The limited draught market means Dreher will only be offered in bottles, and SAB at this stage only plans to launch it in single serve bottles.
Quarts are one of the reasons regular beer drinkers tend to go for brown bottle brands, and the current consumer slump is more likely to see green bottle drinkers trading down than brown bottle drinkers trading up.
When the going gets tough, the tough get laagered, reinforcing SABMillers standing as a strong defensive stock during hard times.
The prospects for brown beer sales look better than ever. For green bottles, on the other hand, its seems unlikely that the market can support that many brands.
There are more than ten green bottles on the wall if brands if the peripheral players in this battle between SAB and Brandhouse are included.
A key problem is the wall on which all these green bottle brands are crowded is pretty small.
When Heineken's divorce was announced last year, SABMiller warned shareholders the loss of Amstel might knock $80 million off the coming the years earnings before interest, tax and appreciation. This indicated Amstel had 9% of the South African beer market and one can guess Castle and Black Label own pretty much the rest though SAB keeps the sales of its individual brands a tight secret.
Don't mention the wall
By Robert Laing
There I was in Berlin on 9/11. The Germans write the date like we do, so it was 9 November, a date as significant in modern history as the September 11 Twin Tower attacks. It was the 18th anniversary of the fall of the wall.
Perhaps it was the icy wind and sleet that made me a solitary figure marking the occasion by walking the old dividing line. But the same dreadful weather didnt stop the party back in 1989 when friends and relatives forcibly separated for 28 years at last got to embrace again. Now, I saw nobody celebrating.
Frequent stops at coffee shops to defrost got me reading nearly all of Berlins dailies. They reported a poll found three-quarters of former East Germans are disillusioned with freedom. A snap test of Berlin school children on Deutsch Democratic Republic (DDR) history found many believe the wall was built by the US. Neither the kids nor their teachers believed the death penalty had been a fixture of Soviet authoritarianism. Nearly all said they would prefer a guaranteed a job when they left school to living in a free society.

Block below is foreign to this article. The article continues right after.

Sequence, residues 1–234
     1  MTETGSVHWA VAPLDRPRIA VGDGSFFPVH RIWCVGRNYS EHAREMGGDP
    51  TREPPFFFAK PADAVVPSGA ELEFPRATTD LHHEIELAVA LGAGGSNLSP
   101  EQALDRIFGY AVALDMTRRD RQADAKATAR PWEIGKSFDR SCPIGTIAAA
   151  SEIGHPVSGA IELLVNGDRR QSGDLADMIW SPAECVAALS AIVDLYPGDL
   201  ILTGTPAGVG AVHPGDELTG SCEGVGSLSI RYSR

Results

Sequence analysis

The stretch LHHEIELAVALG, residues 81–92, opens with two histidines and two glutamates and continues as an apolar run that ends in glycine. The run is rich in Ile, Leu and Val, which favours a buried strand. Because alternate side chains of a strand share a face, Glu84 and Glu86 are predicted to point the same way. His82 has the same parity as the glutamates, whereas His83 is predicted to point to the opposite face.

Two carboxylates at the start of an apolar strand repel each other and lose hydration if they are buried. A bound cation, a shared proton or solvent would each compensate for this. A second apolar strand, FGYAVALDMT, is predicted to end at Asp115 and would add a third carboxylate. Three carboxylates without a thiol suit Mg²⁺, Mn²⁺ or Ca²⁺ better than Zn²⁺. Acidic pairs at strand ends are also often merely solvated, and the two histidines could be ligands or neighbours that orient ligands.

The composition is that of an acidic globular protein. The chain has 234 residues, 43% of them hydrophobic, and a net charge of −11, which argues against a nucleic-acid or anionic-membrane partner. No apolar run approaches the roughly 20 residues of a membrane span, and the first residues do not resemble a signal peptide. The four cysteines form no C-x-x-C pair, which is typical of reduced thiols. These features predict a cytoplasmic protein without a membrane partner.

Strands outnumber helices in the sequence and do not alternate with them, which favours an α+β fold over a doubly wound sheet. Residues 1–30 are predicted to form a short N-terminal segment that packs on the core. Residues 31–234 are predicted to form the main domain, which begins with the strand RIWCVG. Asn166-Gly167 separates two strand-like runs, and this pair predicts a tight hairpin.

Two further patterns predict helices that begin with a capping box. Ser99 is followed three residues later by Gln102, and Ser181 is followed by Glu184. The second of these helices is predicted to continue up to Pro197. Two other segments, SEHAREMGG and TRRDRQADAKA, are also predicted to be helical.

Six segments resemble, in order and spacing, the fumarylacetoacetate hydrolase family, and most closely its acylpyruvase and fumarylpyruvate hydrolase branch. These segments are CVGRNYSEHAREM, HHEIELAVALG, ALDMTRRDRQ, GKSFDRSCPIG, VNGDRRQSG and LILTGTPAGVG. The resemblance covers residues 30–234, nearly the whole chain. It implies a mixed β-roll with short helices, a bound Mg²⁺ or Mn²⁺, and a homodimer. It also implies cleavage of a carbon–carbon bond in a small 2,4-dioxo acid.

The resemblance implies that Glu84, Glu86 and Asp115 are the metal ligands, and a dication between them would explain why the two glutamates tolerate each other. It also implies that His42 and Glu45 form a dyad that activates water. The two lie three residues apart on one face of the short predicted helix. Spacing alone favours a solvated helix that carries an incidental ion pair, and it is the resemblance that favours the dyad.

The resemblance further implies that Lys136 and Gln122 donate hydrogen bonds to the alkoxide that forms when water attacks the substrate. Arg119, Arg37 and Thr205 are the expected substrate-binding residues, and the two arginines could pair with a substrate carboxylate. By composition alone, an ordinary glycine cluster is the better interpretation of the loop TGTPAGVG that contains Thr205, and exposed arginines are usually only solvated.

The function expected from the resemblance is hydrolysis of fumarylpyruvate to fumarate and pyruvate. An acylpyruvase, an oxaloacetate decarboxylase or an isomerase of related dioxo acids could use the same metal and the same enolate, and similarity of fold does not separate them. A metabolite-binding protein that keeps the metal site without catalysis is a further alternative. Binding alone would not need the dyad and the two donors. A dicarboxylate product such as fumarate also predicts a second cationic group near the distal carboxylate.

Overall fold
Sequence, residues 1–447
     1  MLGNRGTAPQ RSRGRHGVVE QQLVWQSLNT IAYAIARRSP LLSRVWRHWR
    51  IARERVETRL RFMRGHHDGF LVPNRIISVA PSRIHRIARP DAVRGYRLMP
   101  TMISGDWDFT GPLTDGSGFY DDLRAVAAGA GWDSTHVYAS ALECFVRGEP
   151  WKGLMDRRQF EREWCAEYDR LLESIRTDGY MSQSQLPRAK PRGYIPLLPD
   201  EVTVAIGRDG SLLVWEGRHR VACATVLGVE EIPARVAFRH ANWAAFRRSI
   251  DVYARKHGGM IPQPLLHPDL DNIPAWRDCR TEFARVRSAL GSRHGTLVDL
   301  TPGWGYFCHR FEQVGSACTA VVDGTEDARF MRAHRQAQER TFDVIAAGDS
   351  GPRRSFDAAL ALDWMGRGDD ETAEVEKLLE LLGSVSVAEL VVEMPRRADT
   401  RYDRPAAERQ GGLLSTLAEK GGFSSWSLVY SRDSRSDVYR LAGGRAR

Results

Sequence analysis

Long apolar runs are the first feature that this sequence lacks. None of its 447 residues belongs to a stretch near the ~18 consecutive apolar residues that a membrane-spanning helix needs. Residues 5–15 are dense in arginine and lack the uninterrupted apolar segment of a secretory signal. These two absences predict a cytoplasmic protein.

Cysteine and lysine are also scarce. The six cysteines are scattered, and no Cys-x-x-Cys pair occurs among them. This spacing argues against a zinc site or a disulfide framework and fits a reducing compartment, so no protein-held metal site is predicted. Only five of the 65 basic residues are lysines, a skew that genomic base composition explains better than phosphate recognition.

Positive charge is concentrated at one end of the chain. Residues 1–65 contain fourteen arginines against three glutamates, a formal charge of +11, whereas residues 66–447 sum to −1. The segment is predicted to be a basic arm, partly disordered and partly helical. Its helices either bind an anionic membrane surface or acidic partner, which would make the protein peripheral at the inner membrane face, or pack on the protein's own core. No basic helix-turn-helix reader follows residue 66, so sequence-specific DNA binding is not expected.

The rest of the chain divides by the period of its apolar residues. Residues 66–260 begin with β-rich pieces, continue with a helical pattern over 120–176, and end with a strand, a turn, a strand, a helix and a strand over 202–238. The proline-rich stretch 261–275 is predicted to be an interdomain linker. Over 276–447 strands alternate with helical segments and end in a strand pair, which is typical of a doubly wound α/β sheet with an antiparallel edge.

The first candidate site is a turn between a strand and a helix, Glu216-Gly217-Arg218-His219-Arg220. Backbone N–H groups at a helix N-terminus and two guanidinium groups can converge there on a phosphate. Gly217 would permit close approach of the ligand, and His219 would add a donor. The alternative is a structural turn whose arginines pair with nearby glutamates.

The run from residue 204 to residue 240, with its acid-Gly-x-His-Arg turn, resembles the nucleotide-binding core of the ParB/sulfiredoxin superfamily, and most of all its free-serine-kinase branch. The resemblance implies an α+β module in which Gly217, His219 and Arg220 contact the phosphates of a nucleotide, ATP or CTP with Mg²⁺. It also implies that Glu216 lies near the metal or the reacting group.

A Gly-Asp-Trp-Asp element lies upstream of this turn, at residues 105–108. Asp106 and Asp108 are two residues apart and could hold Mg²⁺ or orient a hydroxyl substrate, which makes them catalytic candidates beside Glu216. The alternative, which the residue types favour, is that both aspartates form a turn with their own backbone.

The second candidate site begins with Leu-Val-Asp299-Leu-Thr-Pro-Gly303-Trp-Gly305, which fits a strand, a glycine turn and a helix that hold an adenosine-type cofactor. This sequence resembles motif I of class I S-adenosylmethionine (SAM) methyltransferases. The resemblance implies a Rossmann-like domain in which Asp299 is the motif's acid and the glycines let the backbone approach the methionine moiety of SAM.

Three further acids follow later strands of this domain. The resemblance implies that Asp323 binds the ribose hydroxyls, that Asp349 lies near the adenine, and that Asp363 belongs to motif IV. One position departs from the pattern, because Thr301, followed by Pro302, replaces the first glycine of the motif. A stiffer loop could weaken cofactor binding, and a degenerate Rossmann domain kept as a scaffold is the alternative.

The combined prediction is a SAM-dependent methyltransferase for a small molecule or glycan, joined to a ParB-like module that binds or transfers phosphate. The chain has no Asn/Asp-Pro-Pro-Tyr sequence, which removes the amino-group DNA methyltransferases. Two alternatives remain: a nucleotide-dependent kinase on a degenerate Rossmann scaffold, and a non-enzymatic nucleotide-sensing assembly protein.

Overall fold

The first leader in Der Tagesspiegel said: "The late head of the DDR's state-broadcaster must be laughing in his grave at how his propaganda has been passed on to todays children by their parents and teachers."
The newspaper polls agreed with my own research during the previous night's pub crawl.
"Those of us who grew up in the DDR got the world's best education. As you know, all important modern inventions came from the DDR. Take television, for instance. It was invented by DDR scientist Manfred Von Ardenne," a chap in a pub told me.
And to think all these years I'd been under the impression television was invented by the Apartheid government in 1976.
My beer buddy continued to tell me how the DDR issued him with a huge flat for next to nothing when he left school.
"Did everyone get that, or did you have to be a communist party member?" I asked.
Instead of answering, he asked: "How old are you? My guess is 49."
"I just turned 44," I answered drily.
"You see! I'm 46 and I look much younger than you. See what all the stress of growing up under capitalist competition has done to you."
I switched drinking companions to a woman who had sprung to my defence by saying I looked much younger than the other guy. We got on swimmingly until I mentioned the wall, a topic which instantly made her extremely angry.
An inkling of why the wall is such a bitter topic for many was provided by Bild, a paper derided in Germany like the Sun is in Britain, and an even more compelling read. Bild didnt waste space on opinion polls, preferring to tell the story through one person.
The paper tracked down a young man it had featured 18 years ago who was then one of 170 toddlers whose mothers had rushed to the newly opened West, abandoning their babies to the tender mercies of state orphanages.
Bild reported this "wall orphan" refuses to talk about his mother and has moved to Bonn to get away from the painful memories of his birth place.
As in the New South Africa, the discovery that freedom dont come for free has been bitter. Berlin has suffered from an exodus of disillusioned people who feel the outcome wasnt worth the struggle. The city has reacted by encouraging new blood to move in. I heard many South African accents while walking through the now fashionable old East Berlin suburb of Prenzlauer Berg.
You get to see very few remnants of the wall walking its old line. It seems to me post-soviet Berlin has healed better than post-apartheid South Africa by not picking at its scars.
Dump the Top Star Drive-In?